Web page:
I wanted to take a few moments to post my experiences with the Viper/Emgo fairing...
For quite some time I have liked the look of the Viper fairing and I have thought of having one on one of my cafe bikes. Unfortunately, after reading Forchetto's post about the Viper fairing not fitting I was a little discouraged. Forchetto seemed convinced that you could not make one fit. However, when Dave, Mike and my friend Dan and I went to the Barber Festival, we saw an older Bonneville with one of the fairings, I just knew I had to have one. I loved the look, and I'm stubborn that way. I knew I could make it work.
So I ordered one and proceeded to attempt to mount it on my Bonneville. I bought it for about $70 including shipping. The entire fairing was of above average constrution for the price I paid. However, I did go down to the local hardware store and purchase all stainless hardware and rubber washers where the bolts went through the plastic. It came with the fairing and the plexiglass shield separate, and the bolts to connect the two had two rubber washers, and only one metal washer, so I bought an extra stainless washer for each one. Every rubber washer needs a metal washer on top of it. I also purchased more flat fender washers and rubber washers to bolt the fairing to the brackets. I also purchased Nyloc stainless nuts, so I wouldn't have to worry about anything vibrating off. All of this only cost a few dollars and was well worth the extra time and effort.
First off I will say that I don't think it will fit with the stock Bonneville handlebars. I had Harley-Davidson Nightster bars on mine, but they were too high, so I swapped them out with some Harley-Davidson Sportster bars that I had laying around the garage that were lower and a bit narrower. I actually like them better. It gives me a little sportier riding position that is just as comfortable, if not more comfortable than before.
The fairing comes with some bent flat bars that have some slots in them. These needed to be bent some more and formed to fit the headlight and the fairing. It took a bit or trial and error, but it was pretty easy. I ended up using them and some longer stainless bolts that I already had in my headlight brackets for my Triumph Thruxton fairing that I had on my bike.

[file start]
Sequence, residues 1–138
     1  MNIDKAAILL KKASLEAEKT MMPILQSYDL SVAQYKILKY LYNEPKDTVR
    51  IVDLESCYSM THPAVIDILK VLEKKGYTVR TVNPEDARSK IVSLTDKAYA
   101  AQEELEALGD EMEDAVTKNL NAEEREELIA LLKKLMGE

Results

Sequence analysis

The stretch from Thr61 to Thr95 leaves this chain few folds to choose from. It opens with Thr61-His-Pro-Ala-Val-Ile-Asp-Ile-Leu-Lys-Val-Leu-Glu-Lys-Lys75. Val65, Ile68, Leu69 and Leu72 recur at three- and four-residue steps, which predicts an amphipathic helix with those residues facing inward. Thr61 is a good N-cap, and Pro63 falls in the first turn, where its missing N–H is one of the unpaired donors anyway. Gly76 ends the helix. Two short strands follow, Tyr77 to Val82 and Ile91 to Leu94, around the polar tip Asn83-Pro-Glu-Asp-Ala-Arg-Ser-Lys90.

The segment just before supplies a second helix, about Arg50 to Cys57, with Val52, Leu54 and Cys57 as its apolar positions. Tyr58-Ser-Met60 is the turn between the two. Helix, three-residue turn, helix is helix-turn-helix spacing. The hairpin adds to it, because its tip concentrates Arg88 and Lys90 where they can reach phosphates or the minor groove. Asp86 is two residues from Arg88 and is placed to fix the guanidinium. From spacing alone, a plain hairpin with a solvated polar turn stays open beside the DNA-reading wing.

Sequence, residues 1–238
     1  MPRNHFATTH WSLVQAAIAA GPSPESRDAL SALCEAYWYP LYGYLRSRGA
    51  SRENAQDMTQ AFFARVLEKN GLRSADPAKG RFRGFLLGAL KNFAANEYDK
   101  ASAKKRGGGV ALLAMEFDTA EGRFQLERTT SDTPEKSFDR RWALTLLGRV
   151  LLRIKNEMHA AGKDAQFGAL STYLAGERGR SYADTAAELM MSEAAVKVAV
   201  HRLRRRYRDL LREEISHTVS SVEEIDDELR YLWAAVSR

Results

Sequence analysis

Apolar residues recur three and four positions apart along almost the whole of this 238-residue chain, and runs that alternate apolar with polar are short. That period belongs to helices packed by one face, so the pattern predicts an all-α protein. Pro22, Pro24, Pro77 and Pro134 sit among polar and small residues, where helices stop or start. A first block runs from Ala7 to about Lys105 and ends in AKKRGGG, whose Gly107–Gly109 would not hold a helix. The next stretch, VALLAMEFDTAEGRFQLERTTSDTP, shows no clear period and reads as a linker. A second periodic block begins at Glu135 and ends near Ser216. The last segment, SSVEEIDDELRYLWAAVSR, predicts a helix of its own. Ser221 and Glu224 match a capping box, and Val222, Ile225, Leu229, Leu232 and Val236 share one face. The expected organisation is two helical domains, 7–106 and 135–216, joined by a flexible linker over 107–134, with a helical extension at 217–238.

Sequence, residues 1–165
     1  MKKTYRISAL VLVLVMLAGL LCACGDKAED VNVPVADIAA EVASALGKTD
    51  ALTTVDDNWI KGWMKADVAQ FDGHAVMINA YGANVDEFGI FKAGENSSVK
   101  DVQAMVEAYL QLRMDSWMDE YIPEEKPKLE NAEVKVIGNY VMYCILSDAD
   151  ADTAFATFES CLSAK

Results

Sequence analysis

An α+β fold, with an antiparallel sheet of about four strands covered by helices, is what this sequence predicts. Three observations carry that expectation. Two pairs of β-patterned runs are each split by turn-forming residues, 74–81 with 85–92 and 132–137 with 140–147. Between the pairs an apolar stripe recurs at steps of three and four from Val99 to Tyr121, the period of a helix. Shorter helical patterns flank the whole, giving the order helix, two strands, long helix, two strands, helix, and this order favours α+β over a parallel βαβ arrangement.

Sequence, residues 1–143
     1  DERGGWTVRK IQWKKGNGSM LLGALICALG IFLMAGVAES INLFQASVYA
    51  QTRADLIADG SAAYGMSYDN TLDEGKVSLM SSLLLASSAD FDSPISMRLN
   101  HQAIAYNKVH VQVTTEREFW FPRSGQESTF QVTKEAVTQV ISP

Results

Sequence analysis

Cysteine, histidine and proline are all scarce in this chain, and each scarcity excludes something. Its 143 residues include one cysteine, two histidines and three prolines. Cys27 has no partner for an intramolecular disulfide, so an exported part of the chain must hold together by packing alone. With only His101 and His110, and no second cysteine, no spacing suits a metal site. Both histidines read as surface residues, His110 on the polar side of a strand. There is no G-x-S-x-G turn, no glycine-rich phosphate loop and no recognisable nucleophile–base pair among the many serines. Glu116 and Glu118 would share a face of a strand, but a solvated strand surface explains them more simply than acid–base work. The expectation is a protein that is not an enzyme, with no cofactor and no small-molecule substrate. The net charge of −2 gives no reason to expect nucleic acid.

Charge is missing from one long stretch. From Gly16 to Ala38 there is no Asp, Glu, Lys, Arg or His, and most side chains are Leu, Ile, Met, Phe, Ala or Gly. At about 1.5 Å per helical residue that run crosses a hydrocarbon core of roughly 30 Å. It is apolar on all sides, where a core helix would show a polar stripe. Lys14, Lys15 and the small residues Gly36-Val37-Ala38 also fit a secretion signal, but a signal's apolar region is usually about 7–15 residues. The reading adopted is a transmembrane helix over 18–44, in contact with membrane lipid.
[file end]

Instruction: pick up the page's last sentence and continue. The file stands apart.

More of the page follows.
I happen to think I came out looking really well. As a matter of fact I love the look and the functionality, however; I waited to post anthing about it until I rode with it on my bike for a while. As I type this I have put over 300 miles on the bike with the new fairing, and I can attest to the fact that it cuts through the wind nicely, at well over 100mph. [On a controlled road with a professional driver of course
]. I does a good job of keeping the wind off my chest, but allowing clean air to hit my helmet. For my riding style, I don't think I could ask for a better fairing.
By now you have obviously noticed the wire mesh over the headlight. Maydaymike gave that to me at the Barber Vintage party. He said that it and the little clips were for a Mini Cooper and I was going to put it on my headlight, but after I mounted the fairing, I decided to drill some holes in the fairing and mount it to the fairing instead of my Bonneville headlight. I thought it worked out well, and I kind of like the way it looks on there.
As the fairing is delivered, it is only intended to be mounted to the headlight bolts, but that was not good enough for me. I think that any decent fairing should be mounted to at least 3 points. So I had the bracket from my Thruxton windscreen that bolts to the rectifier, and I decided to keep that and i fabricated an additional piece of aluminum bar to restrain the fairing at the bottom.
Here's a picture lookng at the headlight brackets...
Here's a picture looking at the handlebars and the back side of the fairing and the tight clearances at the clutch and the brake master cylinder. The clearnances are tight, but there is no vibrating at well over 100mph, everything is very sound and sturdy...
So in conclusion, I would highly recommend this fairing. I think it added a great deal of functionality to my Bonneville, it looks like it was made for my bike, and most importantly I like it a lot.